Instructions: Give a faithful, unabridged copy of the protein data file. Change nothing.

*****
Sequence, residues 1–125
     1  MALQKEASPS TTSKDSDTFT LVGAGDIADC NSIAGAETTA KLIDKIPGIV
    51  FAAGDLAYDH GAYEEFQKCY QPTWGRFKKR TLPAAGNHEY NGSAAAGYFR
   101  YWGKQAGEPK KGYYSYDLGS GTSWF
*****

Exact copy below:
Sequence, residues 1–125
     1  MALQKEASPS TTSKDSDTFT LVGAGDIADC NSIAGAETTA KLIDKIPGIV
    51  FAAGDLAYDH GAYEEFQKCY QPTWGRFKKR TLPAAGNHEY NGSAAAGYFR
   101  YWGKQAGEPK KGYYSYDLGS GTSWF